Perl Programming – More Advanced Perl Programs Part 1
Get the entire Perl Programming course for 20% off: http://stoneriverelearning.com/courses/perl-programming-for-beginners-online-course?product_id=38639&coupon_code=YOUTUBE20
In this lecture, I’m going to show you guys more advanced Perl programs, so let me jump right into it. I’ll start off with locating where our Perl program is. #!/usr. Always remember for you Linux and Unix and Mac OS X lovers, never confuse the usr with the word user because we’re locating the direct path where our Perl program is. So after #!usr/bin/perl. Again, with this line of code, it’s just locating where our program is to use with our Perl application.
Now, in our further lectures, we’re not going to be using this line of code because I’m going to show you another way to open up our Perl applications without using this, but this is just good practice for using Unix machines and other Linux operating systems. So our next line of code, I’m going to type a print instruction and I want it to ask us what is the weather today. So in this Perl application, it’s just going to ask us the weather, and based on how hot it is or how cold it is, it’s going to tell us what type of clothes should we wear based on the weather.
So our next line, I’m going to create a container called weather. Again, all this does is it just asked us for the input or we want some data from the keyboard and we want to save that information from the keyboard into a container called weather. Again, I’ll go over this in our further lectures in explicit details. After that, I want to create some logic. I want my Perl application to have some smarts to it, some decision making. Let me take this container. I want to say if the weather is less than or equal to 60 degrees, I want to say “You should wear long pants and a long-sleeved shirt today.” Let me just give it some new lines of space I want to create more decisions because our advanced Perl program is really smart. It thinks like a human. I’m going to ask again, if the weather is greater than 60 degrees and if the weather is below or equal to 75 degrees, you should wear short pants and a t-shirt today. I’ll create another one. Just giving my Perl program some logic. You’ll get into the habit of copying and pasting because it saves you a lot of time. Let’s say it like this. Let me change the 75 to 95 degrees. Let me change this to if the weather is greater than 95 degrees, tell the user it’s too hot to leave the house. Let me save my work. Let me run it. I’ll press F5.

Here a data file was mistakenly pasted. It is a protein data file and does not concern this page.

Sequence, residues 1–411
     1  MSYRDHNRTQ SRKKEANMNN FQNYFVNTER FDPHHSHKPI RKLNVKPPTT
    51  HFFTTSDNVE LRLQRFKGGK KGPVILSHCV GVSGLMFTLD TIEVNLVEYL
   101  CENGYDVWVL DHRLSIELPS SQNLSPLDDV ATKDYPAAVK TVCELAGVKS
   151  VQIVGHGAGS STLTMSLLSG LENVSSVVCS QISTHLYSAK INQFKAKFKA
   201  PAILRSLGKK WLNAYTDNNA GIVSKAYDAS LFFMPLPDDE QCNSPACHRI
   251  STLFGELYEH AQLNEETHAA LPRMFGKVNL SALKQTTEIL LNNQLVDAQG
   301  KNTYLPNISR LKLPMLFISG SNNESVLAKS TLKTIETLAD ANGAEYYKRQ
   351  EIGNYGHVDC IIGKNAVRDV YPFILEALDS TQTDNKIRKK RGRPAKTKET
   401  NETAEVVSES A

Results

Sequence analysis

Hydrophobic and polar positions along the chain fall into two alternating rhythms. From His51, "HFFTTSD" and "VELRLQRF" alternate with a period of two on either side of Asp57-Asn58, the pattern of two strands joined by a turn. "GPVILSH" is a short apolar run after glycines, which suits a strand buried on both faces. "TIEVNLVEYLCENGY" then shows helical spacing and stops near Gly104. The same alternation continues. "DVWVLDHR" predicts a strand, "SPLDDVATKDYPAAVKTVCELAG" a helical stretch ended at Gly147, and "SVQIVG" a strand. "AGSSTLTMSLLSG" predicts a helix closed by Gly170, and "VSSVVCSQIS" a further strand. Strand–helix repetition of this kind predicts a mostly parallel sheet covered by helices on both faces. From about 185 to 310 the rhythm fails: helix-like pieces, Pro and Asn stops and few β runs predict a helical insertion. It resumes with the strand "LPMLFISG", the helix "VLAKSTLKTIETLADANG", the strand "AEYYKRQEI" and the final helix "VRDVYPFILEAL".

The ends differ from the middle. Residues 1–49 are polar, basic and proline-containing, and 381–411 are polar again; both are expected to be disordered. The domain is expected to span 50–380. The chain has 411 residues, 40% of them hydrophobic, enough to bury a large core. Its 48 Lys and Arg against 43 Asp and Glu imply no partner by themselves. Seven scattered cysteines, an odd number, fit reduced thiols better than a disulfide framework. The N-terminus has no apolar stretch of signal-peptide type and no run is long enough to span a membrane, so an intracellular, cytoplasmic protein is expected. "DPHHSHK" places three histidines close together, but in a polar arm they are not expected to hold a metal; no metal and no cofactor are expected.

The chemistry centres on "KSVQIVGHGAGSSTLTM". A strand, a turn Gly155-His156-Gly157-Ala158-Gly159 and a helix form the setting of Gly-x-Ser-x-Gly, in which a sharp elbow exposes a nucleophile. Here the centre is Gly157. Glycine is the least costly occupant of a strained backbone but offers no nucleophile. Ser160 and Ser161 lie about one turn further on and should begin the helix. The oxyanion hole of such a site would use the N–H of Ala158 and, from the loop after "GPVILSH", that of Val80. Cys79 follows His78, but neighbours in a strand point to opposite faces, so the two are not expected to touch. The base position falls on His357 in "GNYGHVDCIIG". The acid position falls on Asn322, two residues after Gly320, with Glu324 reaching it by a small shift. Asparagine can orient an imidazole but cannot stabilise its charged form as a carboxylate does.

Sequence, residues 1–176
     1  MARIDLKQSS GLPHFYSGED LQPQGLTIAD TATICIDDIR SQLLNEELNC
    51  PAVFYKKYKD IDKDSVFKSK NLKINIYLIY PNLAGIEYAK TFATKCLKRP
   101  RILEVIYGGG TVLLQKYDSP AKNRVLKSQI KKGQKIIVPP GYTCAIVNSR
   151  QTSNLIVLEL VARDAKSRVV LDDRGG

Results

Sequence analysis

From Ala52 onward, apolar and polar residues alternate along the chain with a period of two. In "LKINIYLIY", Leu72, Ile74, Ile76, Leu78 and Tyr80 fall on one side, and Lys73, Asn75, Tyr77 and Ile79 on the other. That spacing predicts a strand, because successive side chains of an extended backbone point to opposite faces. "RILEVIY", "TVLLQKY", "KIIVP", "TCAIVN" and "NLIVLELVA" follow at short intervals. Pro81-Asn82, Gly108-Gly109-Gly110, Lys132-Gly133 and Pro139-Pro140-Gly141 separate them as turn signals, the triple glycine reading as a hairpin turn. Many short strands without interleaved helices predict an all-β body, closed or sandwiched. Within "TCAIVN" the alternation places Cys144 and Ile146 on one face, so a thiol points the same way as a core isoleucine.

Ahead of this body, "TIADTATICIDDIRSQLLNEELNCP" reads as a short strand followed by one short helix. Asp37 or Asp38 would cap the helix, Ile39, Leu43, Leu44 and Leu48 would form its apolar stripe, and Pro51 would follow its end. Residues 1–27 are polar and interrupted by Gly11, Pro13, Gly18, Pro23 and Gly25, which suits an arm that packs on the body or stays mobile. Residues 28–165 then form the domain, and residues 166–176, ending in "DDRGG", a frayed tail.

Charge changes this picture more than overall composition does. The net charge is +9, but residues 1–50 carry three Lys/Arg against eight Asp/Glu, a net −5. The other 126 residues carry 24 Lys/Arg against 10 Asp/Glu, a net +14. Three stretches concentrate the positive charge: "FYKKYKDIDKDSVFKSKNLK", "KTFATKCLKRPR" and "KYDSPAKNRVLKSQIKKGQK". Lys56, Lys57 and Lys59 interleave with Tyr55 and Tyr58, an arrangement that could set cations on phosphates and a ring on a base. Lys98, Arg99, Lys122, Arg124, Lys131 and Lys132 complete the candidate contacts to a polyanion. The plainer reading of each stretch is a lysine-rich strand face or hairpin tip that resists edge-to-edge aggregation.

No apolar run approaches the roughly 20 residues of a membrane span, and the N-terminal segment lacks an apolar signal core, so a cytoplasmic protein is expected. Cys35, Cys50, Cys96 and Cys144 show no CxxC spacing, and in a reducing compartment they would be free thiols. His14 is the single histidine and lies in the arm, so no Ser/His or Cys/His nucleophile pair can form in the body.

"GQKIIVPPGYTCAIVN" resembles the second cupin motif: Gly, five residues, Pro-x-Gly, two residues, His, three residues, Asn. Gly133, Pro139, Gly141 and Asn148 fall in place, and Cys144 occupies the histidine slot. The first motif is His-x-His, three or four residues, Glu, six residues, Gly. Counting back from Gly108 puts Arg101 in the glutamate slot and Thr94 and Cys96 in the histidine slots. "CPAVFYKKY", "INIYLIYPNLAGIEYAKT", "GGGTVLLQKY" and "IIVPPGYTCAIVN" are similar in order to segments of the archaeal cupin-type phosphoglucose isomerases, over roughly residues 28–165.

What do we have? What is the weather today? I’ll type a number below 60. I’ll type 50 degrees. What do we have? You should wear long pants and a long-sleeved shirt today. Let’s run it again. Let’s type a number greater than 60, so let’s just type 69 degrees. You should wear short pants a t-shirt. So it’s not too cold to wear shorts and a t-shirt today. Let’s run it again. Let me type a number greater than 95, let’s say 150 degrees. Wow! It’s too hot to leave the house. Let me show you a little bit more. Let’s give a number in between 60 and 95. Let’s just say 89 give or take. You should wear shorts and a t-shirt today. So it’s still okay to wear shorts and a t-shirt today. So I’m just showing you guys a little bit more of an advanced Perl program with a logic. So based on the user input or what we tell our Perl application, it analyzes it and it gives us a decision and an answer based on our input. That’s another more advanced program which I’m going to explain in details in our further courses.